Maintenance schedule

  • This might be an interesting concept of adding operational features to your modeling, of how a shop works. The time period being around the 50s to the 80s, and most of the following maintance schedule has changed since then, due to technology.

     

    Maintance of locomotives at Western Pacafic was desinginated by and determined by days, months and years. For example a turn is a daily inspection and sanded, fueled and lubricants topped off and kicked to the outboud ready track or garden (holding track ajacent to shop)

     

    Every seven days was called a "full Service" FS, unit moved into the shop, oil sample, lubed traction motors, ring inspection, and some filters changed out. rolling inspection of wheel tread

    This is a two hour to 4 hour or more depending on what was found needing repairs.

     

    Next was a MO or Monthley, in shop and heavier inspections and repairs, this takes from 4 hours to a day depending on the repairs needed.

     

    next is the "Quarterly" Q, heaveryer insp then a MO, but not as much as an as a SA

     

    next is the "Simi annual" SA (6 month) unit in shop and considered dead work as the inspections and repairs modifications and such were more in depth.

     

    And lastly the "Annual" A , This could take two to four days.

     

    So basicaly the abvove means that a unit is inspected as a turn for 6 days, the seventh day its a full service and repeats for 30 days becoming a MO monthly, and so on untill the unit is back shoped becoming an Annual.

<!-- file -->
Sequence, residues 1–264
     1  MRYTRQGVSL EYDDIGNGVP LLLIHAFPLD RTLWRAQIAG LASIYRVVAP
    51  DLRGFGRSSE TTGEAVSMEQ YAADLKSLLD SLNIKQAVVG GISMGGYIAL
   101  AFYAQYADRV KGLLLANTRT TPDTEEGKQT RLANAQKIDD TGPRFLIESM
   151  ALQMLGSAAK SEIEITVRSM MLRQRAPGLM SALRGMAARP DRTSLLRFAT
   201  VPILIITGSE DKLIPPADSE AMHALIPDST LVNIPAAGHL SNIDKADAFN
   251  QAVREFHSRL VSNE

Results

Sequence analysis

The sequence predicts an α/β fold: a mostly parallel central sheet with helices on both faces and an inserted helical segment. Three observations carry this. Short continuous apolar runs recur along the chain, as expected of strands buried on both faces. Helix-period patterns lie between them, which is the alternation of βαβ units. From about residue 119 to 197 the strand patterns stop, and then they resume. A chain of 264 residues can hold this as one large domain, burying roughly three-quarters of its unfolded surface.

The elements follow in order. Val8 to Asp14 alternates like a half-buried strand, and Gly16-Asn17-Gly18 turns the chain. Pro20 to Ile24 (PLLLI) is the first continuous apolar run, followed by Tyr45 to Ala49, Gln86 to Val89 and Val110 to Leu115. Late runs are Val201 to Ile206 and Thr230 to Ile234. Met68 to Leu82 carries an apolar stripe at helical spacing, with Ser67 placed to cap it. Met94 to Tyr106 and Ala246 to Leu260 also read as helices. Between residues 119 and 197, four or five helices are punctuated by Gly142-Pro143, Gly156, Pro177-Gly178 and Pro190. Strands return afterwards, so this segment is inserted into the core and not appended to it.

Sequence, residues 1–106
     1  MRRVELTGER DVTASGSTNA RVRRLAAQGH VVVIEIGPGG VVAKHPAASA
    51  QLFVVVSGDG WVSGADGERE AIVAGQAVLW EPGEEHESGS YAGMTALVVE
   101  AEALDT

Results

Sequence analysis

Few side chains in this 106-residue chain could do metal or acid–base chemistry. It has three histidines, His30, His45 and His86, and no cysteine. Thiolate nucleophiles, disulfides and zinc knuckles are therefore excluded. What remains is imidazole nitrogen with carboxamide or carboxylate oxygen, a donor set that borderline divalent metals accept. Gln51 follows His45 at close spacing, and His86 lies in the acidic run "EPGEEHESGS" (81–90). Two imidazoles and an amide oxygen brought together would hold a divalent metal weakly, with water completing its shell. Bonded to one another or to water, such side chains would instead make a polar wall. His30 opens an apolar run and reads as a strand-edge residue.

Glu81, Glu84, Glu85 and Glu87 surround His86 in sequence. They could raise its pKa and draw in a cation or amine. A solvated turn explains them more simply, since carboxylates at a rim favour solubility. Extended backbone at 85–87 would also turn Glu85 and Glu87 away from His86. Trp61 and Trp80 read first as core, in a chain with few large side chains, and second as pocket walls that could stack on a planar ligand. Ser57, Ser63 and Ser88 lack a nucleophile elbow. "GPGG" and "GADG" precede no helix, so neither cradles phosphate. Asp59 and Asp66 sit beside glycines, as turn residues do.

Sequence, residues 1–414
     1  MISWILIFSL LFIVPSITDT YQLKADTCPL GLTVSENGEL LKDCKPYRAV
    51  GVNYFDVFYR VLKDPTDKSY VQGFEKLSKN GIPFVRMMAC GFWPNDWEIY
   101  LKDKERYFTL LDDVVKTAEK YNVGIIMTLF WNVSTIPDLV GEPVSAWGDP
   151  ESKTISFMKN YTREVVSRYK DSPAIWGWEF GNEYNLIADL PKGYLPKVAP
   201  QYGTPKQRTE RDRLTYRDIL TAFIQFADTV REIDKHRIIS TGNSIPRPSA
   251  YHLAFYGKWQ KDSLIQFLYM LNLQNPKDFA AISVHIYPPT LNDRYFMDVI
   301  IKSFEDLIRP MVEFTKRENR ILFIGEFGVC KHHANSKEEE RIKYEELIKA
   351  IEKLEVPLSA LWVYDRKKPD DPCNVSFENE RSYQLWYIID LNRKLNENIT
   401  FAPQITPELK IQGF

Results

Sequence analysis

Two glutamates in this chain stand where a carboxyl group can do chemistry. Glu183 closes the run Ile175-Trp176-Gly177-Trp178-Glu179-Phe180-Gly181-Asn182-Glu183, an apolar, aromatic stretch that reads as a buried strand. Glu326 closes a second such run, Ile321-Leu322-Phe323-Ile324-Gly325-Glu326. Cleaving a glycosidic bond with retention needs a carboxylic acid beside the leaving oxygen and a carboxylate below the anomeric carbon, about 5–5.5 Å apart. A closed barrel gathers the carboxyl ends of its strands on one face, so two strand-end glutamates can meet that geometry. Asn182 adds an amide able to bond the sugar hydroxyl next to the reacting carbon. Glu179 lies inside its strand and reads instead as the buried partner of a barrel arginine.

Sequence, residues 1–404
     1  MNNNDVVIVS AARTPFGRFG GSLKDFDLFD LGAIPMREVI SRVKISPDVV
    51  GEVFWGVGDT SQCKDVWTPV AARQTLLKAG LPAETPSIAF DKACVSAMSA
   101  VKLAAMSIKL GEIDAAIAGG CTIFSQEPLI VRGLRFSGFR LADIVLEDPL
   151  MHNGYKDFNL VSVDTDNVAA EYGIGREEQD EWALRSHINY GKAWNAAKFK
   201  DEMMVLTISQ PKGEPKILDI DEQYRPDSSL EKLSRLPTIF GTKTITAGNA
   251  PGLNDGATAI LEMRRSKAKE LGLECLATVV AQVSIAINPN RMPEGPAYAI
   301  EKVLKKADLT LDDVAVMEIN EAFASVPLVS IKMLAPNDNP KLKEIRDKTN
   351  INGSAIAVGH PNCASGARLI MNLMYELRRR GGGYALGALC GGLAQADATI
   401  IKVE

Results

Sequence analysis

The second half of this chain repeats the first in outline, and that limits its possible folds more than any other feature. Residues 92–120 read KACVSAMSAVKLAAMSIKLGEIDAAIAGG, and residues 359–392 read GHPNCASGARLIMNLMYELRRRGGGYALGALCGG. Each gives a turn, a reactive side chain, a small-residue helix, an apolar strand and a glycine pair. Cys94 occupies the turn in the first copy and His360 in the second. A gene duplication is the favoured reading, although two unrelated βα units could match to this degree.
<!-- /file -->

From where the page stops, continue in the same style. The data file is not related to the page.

If you are into clock time and realistic operation on your layout you could desenate a few minits difference for various repairs, but if you do this will keep a hosler very busy building and takeing apart consists.

     

    Well lets get back to work, this shop has three leads coming into the round house, inbound where we sand, fuel and top off units, a center track (used for inbound or outbound) and an outbound track where units are coupled togather into consists, and then air brakes are checked as well as electrical. When all three inspectors (machinist, electrican, pipe fitter ) give the thumbs up, it is released to service, locomotive road crew jumps on and its on her way.

     

    Not much of a blog but I hope you enjoy it, perhaps the next time a blog about the inbound and outbound lead workers and how they cordninate with each other

     

     

     

     

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